Sister Helen Prejean, an international crusader against the death penalty, will deliver the annual Reinhardt Lecture at 7:30 p.m. Thursday, Jan. 20, in Cubberley Auditorium.
Her talk, "Capital Punishment and Its Effect on Inmates and Society," is sponsored by the Catholic Community at Stanford. There is no admission charge.
Prejean, a Louisiana native, catapulted into the public eye following publication of Dead Man Walking: An Eyewitness Account of the Death Penalty in the U.S. (Random House, 1993; Vintage, 1994), which was made into a motion picture that earned an Academy Award for Susan Sarandon, who portrayed Prejean.
The book, which has been translated into 10 languages, is the basis of an opera that will be performed by the San Francisco Opera Company in the fall.
In 1998 and in 1999, Prejean was nominated for the Nobel Peace Prize. She is the recipient of numerous awards and 20 honorary degrees.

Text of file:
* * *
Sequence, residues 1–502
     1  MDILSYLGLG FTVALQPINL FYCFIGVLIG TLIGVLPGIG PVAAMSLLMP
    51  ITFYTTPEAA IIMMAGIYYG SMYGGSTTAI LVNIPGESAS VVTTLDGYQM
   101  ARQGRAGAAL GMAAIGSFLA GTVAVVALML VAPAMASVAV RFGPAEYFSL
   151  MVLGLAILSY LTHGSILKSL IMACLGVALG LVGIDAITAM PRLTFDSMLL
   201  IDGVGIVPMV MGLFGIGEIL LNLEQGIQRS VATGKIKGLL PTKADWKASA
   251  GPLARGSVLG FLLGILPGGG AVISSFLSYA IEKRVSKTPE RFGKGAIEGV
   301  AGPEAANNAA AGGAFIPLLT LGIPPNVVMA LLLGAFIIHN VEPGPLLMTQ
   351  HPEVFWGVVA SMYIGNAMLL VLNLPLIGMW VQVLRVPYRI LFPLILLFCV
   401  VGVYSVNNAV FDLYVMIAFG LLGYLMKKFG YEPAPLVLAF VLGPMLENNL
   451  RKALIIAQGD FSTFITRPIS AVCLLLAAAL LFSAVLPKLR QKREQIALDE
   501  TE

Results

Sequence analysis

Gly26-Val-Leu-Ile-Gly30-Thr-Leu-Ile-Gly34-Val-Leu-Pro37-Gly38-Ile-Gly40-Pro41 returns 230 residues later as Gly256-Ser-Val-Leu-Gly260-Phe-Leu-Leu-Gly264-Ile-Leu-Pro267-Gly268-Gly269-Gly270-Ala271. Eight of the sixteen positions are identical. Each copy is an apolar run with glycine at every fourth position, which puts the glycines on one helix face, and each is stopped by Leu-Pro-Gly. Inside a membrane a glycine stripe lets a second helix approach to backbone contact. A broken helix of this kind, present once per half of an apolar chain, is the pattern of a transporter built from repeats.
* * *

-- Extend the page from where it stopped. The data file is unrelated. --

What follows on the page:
As part of her ministry, Prejean for the past two decades has worked with poor, inner-city residents of the St. Thomas Housing Project in New Orleans. Prejean is honorary chairwoman of Hands Off Cain, a Rome-based international group working for the abolition of the death penalty; a member of Amnesty International; and a former board member of the U.S. National Coalition to Abolish the Death Penalty.
According to the Rev. Patrick LaBelle, pastor of the Catholic Community at Stanford, the death penalty is a subject close to the heart of many Catholics, since "the American bishops and the Holy Father have spoken out against it."
Prejean's book will be available for purchase and the author will be available to autograph them.
In the event of an overflow crowd at Cubberley, which seats 400, Memorial Auditorium is on backup reserve for the talk, LaBelle said.
The lecture series was endowed by
the late Kurt Frank Reinhardt, a professor of philosophy and German
who taught at Stanford from 1930 to 1962. Reinhardt, who died in
1983, was an active member of Stanford's Catholic community.